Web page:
Comment by Jan de Groot (JGC) - Thursday, 04 September 2014, 18:09 GMT
Reopening:

The only hardware that supports this extension at this moment, is hardware which is bugged. Updating microcode (through BIOS or through microcode interface in linux) will just disable the extension, meaning that no CPU provides support for this feature.

I would suggest turning this off: why would you use an extension that isn't available on any hardware? Also note that it isn't enabled by default, but specifically enabled with a --enable-flag, so we should turn it off.
Comment by Jan Alexander Steffens (heftig) - Friday, 05 September 2014, 08:00 GMT
The current microcode we have does not disable the feature, at least on celestia (i7-4770 stepping 3 microcode 0x1a).
My haswells (i7-4770R stepping 1 microcode 0xe and i7-4750HQ stepping 1 microcode 0x10) both have it disabled.

I'm also for rebuilding glibc without lock elision.
Comment by Jan Alexander Steffens (heftig) - Friday, 05 September 2014, 08:11 GMT
Oh, the 4770R didn't have the intel-ucode update, which also brings it to 0x10 (still without hle and rtm).
Comment by Daniel Micay (thestinger) - Friday, 05 September 2014, 08:12 GMT
At some point we're going to want this enabled again, so perhaps putting intel-ucode in base after the next upgrade would be a good idea. For now, disabling the feature would be fine too.
Comment by Allan McRae (Allan) - Friday, 05 September 2014, 08:34 GMT
intel-ucode should not be in base.
Comment by Allan McRae (Allan) - Friday, 05 September 2014, 08:48 GMT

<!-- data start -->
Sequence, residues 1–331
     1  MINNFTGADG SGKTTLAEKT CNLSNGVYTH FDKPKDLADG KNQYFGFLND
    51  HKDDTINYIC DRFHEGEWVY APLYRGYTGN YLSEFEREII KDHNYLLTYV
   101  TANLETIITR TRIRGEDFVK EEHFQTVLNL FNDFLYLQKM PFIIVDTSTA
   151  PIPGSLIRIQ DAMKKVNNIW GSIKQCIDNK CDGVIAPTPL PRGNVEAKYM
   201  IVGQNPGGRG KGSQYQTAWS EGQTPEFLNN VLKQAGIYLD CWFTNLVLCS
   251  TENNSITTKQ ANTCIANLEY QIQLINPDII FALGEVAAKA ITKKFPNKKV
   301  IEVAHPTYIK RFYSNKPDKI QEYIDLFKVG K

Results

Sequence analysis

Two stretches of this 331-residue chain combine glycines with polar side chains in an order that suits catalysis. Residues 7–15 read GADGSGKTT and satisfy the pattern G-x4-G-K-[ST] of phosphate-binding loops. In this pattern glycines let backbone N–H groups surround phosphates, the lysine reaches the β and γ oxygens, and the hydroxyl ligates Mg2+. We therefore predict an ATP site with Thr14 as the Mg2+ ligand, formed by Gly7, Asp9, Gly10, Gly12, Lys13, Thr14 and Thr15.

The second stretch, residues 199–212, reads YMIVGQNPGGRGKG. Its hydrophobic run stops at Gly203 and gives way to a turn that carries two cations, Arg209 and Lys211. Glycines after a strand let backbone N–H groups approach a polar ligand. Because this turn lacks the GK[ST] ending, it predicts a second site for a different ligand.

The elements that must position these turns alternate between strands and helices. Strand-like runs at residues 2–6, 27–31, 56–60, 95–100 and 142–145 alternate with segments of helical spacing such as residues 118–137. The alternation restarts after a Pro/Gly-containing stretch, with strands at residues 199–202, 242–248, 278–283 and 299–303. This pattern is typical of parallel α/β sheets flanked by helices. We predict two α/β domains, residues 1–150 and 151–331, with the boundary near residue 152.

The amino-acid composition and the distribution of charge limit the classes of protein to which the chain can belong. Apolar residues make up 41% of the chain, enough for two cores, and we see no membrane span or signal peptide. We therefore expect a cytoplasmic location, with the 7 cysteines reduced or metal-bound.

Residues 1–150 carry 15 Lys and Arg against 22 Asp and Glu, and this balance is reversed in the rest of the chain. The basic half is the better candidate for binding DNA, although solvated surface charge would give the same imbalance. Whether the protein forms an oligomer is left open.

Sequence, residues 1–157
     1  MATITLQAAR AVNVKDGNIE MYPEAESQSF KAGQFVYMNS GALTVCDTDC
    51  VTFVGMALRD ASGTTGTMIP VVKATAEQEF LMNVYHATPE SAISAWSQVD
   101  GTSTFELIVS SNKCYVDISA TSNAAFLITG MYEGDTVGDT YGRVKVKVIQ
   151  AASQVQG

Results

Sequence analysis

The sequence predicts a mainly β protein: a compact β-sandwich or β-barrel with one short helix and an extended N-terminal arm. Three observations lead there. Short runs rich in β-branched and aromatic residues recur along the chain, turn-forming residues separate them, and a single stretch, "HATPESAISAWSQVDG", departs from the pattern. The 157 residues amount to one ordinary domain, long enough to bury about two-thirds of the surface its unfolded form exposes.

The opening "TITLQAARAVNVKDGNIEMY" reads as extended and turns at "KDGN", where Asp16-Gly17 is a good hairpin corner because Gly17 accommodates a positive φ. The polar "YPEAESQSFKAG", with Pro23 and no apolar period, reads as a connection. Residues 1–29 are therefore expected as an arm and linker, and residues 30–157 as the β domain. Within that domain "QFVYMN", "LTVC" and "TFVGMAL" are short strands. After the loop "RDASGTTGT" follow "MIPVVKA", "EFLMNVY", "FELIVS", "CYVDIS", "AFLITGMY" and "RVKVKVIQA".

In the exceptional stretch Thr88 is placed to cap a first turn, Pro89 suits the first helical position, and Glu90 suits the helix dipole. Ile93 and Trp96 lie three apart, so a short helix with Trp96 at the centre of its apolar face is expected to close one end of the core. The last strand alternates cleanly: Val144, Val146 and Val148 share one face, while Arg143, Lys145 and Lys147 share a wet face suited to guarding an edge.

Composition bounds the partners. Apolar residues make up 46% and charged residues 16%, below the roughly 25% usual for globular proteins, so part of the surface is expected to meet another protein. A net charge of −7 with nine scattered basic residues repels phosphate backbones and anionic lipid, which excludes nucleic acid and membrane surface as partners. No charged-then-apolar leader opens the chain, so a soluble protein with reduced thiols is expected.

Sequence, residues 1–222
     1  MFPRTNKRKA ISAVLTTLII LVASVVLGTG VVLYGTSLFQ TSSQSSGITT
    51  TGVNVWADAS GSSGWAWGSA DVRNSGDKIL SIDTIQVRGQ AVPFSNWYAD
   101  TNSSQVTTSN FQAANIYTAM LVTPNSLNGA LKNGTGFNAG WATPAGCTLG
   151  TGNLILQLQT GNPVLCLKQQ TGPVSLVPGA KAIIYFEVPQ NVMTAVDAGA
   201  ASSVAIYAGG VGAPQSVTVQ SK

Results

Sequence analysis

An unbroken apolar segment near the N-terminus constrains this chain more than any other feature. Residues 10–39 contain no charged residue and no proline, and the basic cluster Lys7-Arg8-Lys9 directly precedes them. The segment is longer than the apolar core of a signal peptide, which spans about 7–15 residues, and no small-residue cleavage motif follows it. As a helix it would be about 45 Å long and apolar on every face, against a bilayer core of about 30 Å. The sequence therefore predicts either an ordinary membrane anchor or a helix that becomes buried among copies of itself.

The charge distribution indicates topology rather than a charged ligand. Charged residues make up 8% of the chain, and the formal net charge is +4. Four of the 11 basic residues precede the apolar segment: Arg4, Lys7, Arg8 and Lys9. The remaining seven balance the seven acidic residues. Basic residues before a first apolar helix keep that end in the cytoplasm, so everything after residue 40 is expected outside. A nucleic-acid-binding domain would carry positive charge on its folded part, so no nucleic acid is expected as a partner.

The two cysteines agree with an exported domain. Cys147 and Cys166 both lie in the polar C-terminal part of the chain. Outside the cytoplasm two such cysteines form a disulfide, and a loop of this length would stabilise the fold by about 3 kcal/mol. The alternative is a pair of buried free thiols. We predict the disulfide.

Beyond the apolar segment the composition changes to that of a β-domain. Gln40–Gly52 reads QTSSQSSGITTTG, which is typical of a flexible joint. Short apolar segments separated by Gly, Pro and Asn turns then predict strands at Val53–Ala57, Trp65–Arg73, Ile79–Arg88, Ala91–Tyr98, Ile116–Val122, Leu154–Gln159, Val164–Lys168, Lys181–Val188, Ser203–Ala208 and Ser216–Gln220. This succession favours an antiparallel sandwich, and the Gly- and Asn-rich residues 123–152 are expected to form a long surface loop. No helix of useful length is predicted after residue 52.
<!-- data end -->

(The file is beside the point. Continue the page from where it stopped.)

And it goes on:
I am finding many references to this being disabled where needed. E.g.
http://techreport.com/news/26911/errata-prompts-intel-to-disable-tsx-in-haswell-early-broadwell-cpus

An Intel spokesperson has provided TR with a brief statement on the TSX erratum, confirming that Intel has "addressed the issue" and "disabled the TSX feature on affected products."
Comment by Jan Alexander Steffens (heftig) - Friday, 05 September 2014, 09:29 GMT
It's still a problematic feature that causes issues not only in non-free applications but also causes libgc to segfault (in its own testsuite as well as applications using it).
Comment by Allan McRae (Allan) - Friday, 05 September 2014, 10:15 GMT
Every replicable software problem has been demonstrated to be an issue in the software and not glibc. They need fixed at the source.
Comment by Cedric BAIL (bluebugs) - Friday, 05 September 2014, 10:52 GMT
So Intel does turn off the feature for every one getting a new Haswell, but previous hardware with faulty microcode where in fact fine. Maybe we should tell them to use the older microcode if every replicable software problem has been demonstrated to be an issue in the software...

Seriously there is no hardware with a working microcode for that instruction as far as I can tell. It is going to create issue randomly that people wont be able to debug and when they will finally point it down (if they have the time to go that deep down), it will be to figure out that Arch Linux is providing a faulty glibc.

I guess I better go to glibc and try to figure a patch there.
Comment by Daniel Micay (thestinger) - Friday, 05 September 2014, 10:54 GMT
I don't think there's anything for glibc to do differently, lock elision was intentionally designed to be a no-op on older processors to avoid needing runtime detection.
Comment by Cedric BAIL (bluebugs) - Friday, 05 September 2014, 11:02 GMT
And when it is not a no-op, but a faulty instruction ?
Comment by Daniel Micay (thestinger) - Friday, 05 September 2014, 11:13 GMT
It's never a faulty instruction if the microcode is up-to-date and it's easy for a distribution to take care of that. If Arch isn't going to ship intel-ucode in base like it does with linux-firmware via the linux dependency, then I don't think enabling lock elision makes sense. There are lots of already shipped Haswell CPUs where it's now known to be broken.
Comment by Cedric BAIL (bluebugs) - Friday, 05 September 2014, 11:17 GMT
I am not a fan updating microcode, but it would be a solution indeed to the problem.
Comment by Allan McRae (Allan) - Friday, 05 September 2014, 11:25 GMT
@thestinger: linux-firmware is not in base.

Microcode updates appear to have been released by Intel.

Lock elision is enabled by Arch, Debian (jessie), Fedora, openSUSE, ...

I see no reason to disable it. glibc is not the issue.